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Total compensation systems are a necessary aspect of company human resource management. The base wage and contribution policies are critical in attracting, retaining, and incentivizing human capital. Each firm should adopt an approach to developing compensation packages that align with the organizational structure and the company’s solvency. Business strategy has a direct impact on total compensation systems as the salary and benefit rates are optimized by company requirements and design.
Total compensation systems are a critical function of company management and human resources. It directly affects employees and their salaries. The compensation packages are developed to incentivize and maximize employee performance. Each firm should focus on optimizing the compensation system according to the company’s needs. The total compensation system of each firm depends on the chosen business strategy as it determines the organization’s finances, human capital needs, and staff performance.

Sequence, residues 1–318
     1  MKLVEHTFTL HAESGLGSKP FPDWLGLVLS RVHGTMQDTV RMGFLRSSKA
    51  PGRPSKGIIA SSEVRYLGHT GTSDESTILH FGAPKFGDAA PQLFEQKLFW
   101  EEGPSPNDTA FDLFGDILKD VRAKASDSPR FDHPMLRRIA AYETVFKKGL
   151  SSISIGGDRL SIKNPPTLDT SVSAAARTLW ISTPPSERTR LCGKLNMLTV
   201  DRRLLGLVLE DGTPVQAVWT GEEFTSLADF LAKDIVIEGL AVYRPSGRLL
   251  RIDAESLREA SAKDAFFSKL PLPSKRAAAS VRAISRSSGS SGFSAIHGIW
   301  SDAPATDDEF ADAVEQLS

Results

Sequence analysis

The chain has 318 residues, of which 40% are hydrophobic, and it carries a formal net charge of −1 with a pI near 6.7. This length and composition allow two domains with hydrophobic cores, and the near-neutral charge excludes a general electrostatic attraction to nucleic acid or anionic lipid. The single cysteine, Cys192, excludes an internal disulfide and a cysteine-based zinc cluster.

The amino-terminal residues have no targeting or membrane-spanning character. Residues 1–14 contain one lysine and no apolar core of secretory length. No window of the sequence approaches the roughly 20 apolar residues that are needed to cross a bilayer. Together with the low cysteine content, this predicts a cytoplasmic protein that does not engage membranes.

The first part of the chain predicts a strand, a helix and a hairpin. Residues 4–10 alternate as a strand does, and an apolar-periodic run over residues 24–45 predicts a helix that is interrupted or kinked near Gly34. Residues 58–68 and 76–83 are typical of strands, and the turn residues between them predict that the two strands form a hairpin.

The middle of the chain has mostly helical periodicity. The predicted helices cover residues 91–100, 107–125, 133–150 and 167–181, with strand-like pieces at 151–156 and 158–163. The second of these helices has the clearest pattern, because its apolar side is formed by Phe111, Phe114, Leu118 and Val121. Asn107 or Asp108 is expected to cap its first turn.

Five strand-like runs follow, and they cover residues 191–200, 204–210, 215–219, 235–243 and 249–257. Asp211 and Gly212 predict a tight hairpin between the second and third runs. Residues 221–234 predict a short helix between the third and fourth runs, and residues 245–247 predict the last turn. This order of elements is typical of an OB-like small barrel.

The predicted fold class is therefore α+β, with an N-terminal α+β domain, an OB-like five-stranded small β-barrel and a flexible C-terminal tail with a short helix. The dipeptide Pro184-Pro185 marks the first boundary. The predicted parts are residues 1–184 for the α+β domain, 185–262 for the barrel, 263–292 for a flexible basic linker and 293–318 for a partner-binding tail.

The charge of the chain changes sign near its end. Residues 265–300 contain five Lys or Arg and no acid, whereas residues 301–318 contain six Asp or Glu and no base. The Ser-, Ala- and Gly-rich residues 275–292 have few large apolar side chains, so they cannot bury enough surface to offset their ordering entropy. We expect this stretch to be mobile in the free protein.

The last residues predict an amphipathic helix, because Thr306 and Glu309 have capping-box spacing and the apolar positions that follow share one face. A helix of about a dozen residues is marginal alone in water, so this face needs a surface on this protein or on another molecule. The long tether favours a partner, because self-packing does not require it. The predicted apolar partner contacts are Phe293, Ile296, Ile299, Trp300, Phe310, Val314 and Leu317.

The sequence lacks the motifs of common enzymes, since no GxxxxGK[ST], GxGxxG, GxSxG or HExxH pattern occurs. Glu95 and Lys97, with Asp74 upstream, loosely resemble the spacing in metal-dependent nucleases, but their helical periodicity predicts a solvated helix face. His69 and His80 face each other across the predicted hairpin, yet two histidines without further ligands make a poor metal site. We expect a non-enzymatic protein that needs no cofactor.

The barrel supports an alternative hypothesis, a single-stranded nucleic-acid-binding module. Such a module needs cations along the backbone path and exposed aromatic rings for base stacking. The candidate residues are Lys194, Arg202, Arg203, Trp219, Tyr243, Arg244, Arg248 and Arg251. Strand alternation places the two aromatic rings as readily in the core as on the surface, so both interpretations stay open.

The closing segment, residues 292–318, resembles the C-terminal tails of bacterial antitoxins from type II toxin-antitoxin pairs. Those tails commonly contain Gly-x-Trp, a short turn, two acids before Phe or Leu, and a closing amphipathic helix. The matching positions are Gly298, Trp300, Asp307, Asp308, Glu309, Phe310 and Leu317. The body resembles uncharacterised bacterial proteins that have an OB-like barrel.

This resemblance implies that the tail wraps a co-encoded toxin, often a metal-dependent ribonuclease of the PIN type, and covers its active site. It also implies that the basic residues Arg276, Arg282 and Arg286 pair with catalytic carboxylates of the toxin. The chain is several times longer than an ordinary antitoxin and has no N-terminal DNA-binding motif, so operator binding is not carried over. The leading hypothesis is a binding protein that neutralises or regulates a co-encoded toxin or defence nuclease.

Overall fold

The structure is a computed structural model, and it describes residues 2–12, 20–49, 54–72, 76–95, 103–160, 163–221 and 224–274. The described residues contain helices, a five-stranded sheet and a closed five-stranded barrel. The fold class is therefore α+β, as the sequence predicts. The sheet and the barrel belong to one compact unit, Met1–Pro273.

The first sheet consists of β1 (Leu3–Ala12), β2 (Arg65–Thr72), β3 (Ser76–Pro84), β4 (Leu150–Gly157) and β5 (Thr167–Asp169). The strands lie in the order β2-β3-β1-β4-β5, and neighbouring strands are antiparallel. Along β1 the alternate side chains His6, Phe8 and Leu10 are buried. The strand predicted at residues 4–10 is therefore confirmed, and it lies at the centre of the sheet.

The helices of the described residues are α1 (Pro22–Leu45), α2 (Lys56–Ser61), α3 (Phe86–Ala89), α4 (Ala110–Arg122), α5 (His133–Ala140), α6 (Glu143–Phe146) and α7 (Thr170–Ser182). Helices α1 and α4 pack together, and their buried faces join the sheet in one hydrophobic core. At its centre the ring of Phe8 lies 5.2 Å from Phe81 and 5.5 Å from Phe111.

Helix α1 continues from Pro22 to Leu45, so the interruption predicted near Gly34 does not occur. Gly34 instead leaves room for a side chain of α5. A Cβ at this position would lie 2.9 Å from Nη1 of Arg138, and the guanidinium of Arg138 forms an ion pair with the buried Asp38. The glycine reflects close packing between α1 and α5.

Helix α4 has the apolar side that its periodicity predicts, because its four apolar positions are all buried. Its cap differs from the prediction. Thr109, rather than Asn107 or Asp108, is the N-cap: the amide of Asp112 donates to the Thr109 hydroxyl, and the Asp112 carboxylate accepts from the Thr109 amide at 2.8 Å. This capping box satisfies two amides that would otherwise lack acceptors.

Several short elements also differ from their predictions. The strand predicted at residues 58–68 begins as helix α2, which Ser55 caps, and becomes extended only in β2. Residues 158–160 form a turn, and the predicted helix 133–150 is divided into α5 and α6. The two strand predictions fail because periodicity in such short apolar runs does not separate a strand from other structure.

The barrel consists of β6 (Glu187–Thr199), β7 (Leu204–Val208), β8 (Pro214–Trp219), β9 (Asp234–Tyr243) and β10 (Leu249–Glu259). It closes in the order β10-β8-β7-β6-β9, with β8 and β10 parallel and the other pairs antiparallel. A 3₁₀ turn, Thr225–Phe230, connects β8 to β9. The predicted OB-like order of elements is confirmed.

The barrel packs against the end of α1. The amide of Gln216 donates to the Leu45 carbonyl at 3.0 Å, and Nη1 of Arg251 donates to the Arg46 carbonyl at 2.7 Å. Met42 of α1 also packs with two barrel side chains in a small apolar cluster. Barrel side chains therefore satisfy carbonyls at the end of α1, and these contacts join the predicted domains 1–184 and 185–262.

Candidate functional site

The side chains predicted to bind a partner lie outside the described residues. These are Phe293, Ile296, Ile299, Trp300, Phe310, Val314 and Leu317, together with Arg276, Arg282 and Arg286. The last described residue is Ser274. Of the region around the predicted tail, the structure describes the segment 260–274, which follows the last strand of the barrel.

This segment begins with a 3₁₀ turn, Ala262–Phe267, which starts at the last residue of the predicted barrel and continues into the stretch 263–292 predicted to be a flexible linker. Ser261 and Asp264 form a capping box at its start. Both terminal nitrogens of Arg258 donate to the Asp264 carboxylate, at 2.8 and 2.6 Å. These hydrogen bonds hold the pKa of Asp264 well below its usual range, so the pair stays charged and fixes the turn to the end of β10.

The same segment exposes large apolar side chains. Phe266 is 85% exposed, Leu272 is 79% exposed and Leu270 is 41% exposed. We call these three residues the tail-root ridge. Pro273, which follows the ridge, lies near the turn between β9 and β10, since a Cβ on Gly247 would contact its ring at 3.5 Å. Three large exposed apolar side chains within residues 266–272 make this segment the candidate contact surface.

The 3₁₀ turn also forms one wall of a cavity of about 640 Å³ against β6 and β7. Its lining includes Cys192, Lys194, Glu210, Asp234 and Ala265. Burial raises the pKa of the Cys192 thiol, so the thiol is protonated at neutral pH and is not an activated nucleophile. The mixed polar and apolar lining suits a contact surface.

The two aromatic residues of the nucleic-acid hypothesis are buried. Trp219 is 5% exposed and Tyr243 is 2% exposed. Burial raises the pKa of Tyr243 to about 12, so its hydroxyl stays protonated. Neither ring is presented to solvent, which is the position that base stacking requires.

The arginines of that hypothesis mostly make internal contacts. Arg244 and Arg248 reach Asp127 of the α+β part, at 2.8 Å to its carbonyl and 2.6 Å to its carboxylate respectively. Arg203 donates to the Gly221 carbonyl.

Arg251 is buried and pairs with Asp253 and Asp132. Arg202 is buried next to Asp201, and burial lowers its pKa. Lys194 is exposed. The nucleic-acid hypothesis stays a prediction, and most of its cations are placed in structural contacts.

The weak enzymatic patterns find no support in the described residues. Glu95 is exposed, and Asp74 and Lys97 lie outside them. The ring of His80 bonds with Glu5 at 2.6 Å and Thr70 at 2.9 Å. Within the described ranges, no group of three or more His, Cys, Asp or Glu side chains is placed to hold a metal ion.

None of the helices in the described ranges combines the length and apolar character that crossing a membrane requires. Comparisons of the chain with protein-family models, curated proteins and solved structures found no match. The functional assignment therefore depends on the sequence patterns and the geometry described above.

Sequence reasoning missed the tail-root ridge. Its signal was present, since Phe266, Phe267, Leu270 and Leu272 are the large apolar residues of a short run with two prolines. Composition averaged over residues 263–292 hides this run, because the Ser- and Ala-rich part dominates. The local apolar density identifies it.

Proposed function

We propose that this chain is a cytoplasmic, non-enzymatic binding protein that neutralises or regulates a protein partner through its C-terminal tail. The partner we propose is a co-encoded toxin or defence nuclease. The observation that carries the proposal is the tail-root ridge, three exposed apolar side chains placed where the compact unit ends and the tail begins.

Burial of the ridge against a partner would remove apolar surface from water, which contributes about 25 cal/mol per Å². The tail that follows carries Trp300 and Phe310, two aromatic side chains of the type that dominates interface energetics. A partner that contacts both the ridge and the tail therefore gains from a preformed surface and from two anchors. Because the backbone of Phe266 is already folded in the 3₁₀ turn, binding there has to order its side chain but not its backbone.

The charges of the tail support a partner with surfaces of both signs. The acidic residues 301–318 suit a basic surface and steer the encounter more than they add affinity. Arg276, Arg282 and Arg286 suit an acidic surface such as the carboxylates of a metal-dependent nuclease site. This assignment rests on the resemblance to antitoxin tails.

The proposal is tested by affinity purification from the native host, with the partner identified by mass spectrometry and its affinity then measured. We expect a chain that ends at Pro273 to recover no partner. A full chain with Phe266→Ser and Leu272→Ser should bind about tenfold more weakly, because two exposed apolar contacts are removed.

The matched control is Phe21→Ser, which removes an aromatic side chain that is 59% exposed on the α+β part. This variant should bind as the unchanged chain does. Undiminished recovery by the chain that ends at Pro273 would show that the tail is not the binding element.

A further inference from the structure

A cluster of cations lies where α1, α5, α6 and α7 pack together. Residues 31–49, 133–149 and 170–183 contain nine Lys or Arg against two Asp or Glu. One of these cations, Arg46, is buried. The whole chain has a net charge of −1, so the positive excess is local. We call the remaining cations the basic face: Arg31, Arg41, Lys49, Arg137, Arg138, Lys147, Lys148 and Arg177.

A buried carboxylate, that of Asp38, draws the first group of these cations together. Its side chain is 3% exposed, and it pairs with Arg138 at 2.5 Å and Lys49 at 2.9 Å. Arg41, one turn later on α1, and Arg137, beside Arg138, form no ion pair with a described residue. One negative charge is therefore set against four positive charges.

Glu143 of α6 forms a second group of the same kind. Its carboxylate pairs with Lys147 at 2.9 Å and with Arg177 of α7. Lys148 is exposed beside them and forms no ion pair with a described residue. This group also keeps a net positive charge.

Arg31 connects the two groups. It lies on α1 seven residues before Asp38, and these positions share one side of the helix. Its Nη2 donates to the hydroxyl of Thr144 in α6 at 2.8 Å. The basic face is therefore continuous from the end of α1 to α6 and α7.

Total Compensation System
A total compensation system is a comprehensive financial package that is offered to employees in any company. It consists of base compensation, pay incentives, and indirect benefits. Base pay is the largest portion of the payment, which consists of an agreed-upon salary. The payment is fixed and continues as long as the person is employed. Pay incentives are variable payments that are offered by the company. They can be considered a method of profit-sharing with employees since these payouts are usually made as commission or performance bonuses. Most firms choose to pay a larger ratio of fixed wages over incentives. Finally, the indirect benefits part of the package includes common employee benefits that supplement salaries. It includes insurance, paid time off, retirement programs, and additional perks that the position offers (Bessette, 2014). The corporate business practice has developed an emphasis in all parts of the total compensation system as the incentives and benefits can often match and exceed the base salary in monetary value.